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Cost-Cutting Undermining U.S. Weapons Programs

February 05, 1989|RALPH VARTABEDIAN | Times Staff Writer

When Rockwell International won a contract in 1987 to develop a new gunship for the Air Force, it appeared that the big aerospace firm had broken into an important business and had succeeded in at least partly offsetting the decline of its B-1 bomber program.

But today the company is mired in a colossal cost overrun--reportedly about $90 million--and has fallen behind schedule as it attempts to complete the first of the gunships, The Times has learned. The Air Force has notified Rockwell that it intends to withhold contract payments on the program.

Meanwhile, Rockwell has retained the defense industry law firm of McKenna, Conner & Cuneo to conduct a legal review of its contract with the Air Force, based on concerns that the contract might be flawed, Rockwell executives said in a recent interview. Among the issues under review is whether the contract fails to specify all the work necessary to develop the gunship.

The troubled program to produce the gunship, an aircraft known as the AC-130U, appears to be a case study of how the Pentagon's efforts in recent years to create aggressive competition and to drive down the price of weapons have created costly trauma, not only for industry, but also for the military services.

The legacy of the Reagan Administration's effort to drive down contractor prices and profits is a trail of sick weapons programs across the nation. Even though the Pentagon recently has moderated its adversarial methods, the contract pipeline is full of programs carrying significant liabilities for the industry.

"The defense industry is not like a department store, where you can take a few loss leaders," said retired Rear Adm. Stuart Platt, who helped set the competitive policies for the Navy. "The government is dealing with too powerful a hand. It has to remember that it has responsibility for stewardship of this industry."

At the same time, some defense contractors have become desperate to obtain new business in an era of tight Pentagon budgets, leading them sometimes to make fixed-price bids that are unrealistically low in their price projections and risky on technical issues.

"It shows what happens when you have aerospace companies without any business--they are willing to bid anything to get a contract," said Paine Webber aerospace analyst Joseph Campbell, who estimates that the defense industry faces more than $6 billion in losses on fixed-price development contracts.

For example:

- Former Navy Secretary John F. Lehman Jr. once boasted that he cut the development cost of the T-45 trainer aircraft in half with aggressive negotiating. But, as a result, McDonnell Douglas had to forgo wind-tunnel tests of the aircraft, among other things. Now, the Navy has discovered that the aircraft is unstable and needs engine modifications to even land on an aircraft carrier.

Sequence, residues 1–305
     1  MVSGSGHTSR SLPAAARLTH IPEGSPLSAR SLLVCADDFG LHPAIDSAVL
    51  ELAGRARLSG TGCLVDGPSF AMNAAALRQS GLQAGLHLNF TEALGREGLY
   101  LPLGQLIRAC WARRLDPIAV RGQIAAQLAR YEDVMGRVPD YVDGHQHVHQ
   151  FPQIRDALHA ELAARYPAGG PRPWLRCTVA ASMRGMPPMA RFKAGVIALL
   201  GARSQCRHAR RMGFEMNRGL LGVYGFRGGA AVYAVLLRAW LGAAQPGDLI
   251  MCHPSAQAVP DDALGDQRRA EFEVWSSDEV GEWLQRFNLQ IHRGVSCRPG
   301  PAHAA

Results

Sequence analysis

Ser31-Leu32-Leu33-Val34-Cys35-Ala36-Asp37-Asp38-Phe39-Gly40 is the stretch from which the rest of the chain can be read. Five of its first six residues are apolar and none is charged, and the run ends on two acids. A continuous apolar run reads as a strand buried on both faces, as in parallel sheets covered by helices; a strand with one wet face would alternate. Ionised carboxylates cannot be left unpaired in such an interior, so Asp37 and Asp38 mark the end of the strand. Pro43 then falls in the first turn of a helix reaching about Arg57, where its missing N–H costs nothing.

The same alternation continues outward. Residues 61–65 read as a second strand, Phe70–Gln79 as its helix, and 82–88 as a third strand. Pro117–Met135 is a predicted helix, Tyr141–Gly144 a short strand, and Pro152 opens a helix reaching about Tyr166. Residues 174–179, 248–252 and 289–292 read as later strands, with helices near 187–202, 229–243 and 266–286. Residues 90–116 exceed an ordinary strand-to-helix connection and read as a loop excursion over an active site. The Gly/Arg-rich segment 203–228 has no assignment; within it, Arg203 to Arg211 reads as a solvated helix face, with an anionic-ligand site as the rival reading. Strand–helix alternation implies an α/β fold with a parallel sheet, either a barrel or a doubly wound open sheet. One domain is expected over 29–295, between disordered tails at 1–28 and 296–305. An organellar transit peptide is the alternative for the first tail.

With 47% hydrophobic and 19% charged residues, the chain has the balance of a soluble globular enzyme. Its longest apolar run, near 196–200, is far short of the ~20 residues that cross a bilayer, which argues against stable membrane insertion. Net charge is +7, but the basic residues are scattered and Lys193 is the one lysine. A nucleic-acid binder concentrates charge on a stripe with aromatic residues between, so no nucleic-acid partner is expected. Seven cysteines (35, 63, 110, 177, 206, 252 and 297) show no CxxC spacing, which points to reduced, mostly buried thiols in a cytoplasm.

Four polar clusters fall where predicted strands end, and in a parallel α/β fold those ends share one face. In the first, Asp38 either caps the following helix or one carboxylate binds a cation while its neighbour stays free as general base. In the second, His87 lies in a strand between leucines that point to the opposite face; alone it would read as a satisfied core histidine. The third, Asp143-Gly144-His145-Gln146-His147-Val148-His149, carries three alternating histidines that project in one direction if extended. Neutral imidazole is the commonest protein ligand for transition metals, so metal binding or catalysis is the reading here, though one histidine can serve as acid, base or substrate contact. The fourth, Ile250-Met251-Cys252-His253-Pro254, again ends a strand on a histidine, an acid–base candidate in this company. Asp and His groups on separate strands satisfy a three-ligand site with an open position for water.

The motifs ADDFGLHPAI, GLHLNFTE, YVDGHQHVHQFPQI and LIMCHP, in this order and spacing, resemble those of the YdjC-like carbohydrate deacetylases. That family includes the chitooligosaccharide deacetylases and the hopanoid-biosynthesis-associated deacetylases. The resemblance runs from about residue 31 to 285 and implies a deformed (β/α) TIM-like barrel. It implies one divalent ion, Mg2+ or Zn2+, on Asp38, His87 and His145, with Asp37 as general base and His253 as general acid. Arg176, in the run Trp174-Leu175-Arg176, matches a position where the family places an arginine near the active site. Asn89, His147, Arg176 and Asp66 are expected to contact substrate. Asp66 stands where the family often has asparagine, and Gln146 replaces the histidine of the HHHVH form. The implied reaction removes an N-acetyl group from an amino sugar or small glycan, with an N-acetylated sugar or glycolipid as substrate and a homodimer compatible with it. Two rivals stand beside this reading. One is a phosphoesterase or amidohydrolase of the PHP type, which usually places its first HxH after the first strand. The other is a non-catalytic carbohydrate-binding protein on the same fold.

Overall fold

- Grumman, a Long Island aircraft builder, agreed to develop a new version of the F-14 fighter plane without any profit and under a fixed-price contract. It suffered a $120-million cost overrun, though it ultimately persuaded the Navy to absorb half the loss.

- The Norden unit of United Technologies was stung with a loss of several hundred million dollars on a fixed-price contract to develop new radar.

- Hughes Aircraft suffered a $250-million loss on a new tactical missile for the Air Force.

- Five major aircraft companies, organized in two teams, will collectively lose an estimated $2 billion on a project to develop a new Air Force fighter, which now faces delays because the government does not have enough money to keep it on track.

Surprisingly, the Pentagon has no administrative system to even monitor such losses, even though it so often expresses concern about its industrial base. A study by the Defense Science Board, a government advisory panel, concluded last year that "investors' skepticism has caused a virtual closure of the equity and debt markets to all but a few major contractors."

"These losses are weakening considerably the industrial base for national security," said Paul Nisbet, an analyst at Prudential Bache Securities. "It is a bad way of doing business, and it is government shirking its responsibility. They are shifting as much risk as possible onto the industry."

Hughes Official's Complaint

In today's competitions for defense contracts, companies sometimes go to extremes to get business. A few months ago, Hughes Aircraft bid a fixed price of $1 to win a position as a second supplier for a Navy electronic warfare program known as the SLQ-32. Although the future payoff may be substantial, the company is expected to lose as much as $10 million in qualifying as the second supplier.

"This is what we are forced to do," a Hughes official complained. "We don't like to make $1 bids."

The tortured case of the AC-130U illustrates how competitive bidding and tough Pentagon negotiating can turn a relatively small contract carrying a modest profit into a nightmare involving a major loss.

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